3. Federal and nongovernmental offices (on their accordance)
  4. Armed forces recruitment offices

Section 8 provides the following criteria for removal of names from eligible voter's list: death, criminal conviction, change in residence, mental incapacity, or voter request. Failure to cast a vote cannot be a reason for removal of the voter's name from the list.

Other provisions include the Federal Election Commission to submit a report regarding the impact of the Motor Voter Act on the administration of federal elections during the preceding two years, every state to designate a chief state election official, etc.

Exempted States
The following states have been exempted from the Motor Voter Law, if they have since 11th March 1993 not required their residents to register for federal elections, or have permitted voter registration on the election day for federal elections.

North Dakota: Residents can cast their vote in federal elections even without being registered as a voter.

Idaho, Minnesota, New Hampshire, Wisconsin, and Wyoming: In these states, voter registration on the day of federal elections is allowed.

The purpose behind enacting the National Voter Registration Act is as follows:
  1. To establish procedures that will increase the number of eligible citizens who register to vote in elections for federal office.
  2. To make it possible for federal, state, and local governments to implement this sub-chapter in a manner that enhances the participation of eligible citizens as voters in elections for federal office.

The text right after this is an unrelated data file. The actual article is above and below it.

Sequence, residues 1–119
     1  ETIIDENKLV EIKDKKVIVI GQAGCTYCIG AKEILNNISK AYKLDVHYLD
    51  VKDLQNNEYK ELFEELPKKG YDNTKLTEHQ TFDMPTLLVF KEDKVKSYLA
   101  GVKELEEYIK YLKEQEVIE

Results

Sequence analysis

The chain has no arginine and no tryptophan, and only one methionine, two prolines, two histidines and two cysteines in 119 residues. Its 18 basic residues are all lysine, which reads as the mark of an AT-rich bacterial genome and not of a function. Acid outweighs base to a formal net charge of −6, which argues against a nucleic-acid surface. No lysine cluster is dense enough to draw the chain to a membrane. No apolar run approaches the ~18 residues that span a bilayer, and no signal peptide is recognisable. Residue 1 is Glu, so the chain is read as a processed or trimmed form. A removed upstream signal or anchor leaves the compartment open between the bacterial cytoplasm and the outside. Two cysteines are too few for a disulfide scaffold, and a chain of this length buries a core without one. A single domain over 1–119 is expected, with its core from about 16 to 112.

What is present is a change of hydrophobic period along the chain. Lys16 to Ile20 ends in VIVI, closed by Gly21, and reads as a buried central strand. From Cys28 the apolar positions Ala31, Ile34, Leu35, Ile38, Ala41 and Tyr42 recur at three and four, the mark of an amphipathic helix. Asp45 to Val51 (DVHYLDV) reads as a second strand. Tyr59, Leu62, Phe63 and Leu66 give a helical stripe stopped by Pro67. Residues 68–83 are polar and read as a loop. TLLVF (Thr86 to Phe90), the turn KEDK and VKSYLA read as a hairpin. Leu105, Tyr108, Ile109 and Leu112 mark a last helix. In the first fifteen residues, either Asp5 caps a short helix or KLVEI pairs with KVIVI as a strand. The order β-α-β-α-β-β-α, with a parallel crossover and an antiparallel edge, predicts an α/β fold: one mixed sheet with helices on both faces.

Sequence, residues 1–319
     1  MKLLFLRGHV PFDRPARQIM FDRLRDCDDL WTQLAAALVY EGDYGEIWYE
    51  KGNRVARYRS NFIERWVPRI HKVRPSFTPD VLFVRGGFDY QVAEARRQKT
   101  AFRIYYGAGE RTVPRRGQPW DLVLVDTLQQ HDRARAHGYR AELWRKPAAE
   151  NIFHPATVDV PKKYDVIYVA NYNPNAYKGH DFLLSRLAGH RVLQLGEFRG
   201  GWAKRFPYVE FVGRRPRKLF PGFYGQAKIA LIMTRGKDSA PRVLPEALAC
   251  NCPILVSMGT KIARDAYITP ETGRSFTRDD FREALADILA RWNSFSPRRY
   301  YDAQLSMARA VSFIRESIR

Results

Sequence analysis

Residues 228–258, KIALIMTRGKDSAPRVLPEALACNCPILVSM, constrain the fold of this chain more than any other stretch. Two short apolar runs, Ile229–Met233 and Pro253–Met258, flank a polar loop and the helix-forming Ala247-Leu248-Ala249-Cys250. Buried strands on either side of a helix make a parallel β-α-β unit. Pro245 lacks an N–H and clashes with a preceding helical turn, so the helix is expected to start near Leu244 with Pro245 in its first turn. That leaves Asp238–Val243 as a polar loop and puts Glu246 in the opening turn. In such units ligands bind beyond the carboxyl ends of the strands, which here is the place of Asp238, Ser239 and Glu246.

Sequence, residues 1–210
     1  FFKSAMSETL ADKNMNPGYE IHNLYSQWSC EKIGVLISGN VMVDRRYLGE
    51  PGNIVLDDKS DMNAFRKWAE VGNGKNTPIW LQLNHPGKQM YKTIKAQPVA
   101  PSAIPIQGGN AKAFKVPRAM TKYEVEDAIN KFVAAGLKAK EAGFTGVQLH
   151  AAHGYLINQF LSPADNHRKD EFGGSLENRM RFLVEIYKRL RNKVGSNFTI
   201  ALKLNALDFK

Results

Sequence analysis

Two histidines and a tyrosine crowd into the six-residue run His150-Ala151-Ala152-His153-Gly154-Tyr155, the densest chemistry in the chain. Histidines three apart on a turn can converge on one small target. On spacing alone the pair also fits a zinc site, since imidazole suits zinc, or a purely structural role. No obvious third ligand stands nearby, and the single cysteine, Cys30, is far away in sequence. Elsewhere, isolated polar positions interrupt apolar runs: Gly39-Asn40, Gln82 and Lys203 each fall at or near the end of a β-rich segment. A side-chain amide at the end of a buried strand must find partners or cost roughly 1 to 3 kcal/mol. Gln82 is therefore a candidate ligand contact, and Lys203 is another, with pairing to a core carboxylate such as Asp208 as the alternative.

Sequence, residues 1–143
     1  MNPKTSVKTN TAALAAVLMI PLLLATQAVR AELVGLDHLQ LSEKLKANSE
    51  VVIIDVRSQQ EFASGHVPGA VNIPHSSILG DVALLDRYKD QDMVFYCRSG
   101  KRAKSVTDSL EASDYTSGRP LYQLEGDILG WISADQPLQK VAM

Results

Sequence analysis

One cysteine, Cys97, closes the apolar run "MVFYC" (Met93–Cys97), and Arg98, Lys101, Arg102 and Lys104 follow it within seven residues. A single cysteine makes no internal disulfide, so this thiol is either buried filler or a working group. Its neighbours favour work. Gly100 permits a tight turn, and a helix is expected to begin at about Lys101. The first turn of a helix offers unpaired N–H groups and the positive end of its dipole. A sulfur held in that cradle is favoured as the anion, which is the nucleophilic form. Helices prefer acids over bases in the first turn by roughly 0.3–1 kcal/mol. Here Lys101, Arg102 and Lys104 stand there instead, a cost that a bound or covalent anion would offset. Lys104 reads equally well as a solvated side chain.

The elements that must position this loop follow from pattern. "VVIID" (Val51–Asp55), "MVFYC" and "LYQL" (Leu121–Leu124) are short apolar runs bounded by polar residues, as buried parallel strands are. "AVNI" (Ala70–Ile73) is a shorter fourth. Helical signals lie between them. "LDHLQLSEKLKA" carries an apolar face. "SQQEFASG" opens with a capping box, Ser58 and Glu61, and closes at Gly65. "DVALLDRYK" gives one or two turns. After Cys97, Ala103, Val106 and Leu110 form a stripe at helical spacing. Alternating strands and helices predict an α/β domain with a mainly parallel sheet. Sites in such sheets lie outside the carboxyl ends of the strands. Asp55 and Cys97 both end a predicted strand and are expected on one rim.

3. To protect the integrity of the electoral process.
  4. To ensure that accurate and current voter registration rolls are maintained.

This legislation is primarily aimed at enhancing voter enrollment for the federal elections. Establishing ways and standard procedures for achieving this aim involves active support of the state governments. Besides increasing the new voter base, the law also directs maintenance of the existing electoral rolls, wherein the states cannot remove any persons from the voter's list unless certain criteria are met.

The coming into effect of the Act completed 20 years in 2015. The Federal Election Commission was given the role of reporting the impact of this Act, biennially, to Congress. However, since 2002, this responsibility was transferred to the U.S. Election Assistance Commission.

The impact assessment report for the period after the 2010 elections and through the presidential election of 2012 was submitted in 2013 by EAC. According to it, the number of registered voters in 2012 represents an increase of approximately 3.7 million voters since the 2008 presidential election cycle. As per the estimates of the U.S. Census Bureau, 87.4% American citizens of voting age were registered to vote in the 2012 elections.

However, there remain several loopholes in the effective implementation of the law. Several states initially were reluctant in executing their responsibilities, which resulted in lawsuits filed against them. Along with these cases that proved the constitutionality of the law, actions were also taken by private individuals. The states were then ordered to follow the requirements established by the Act.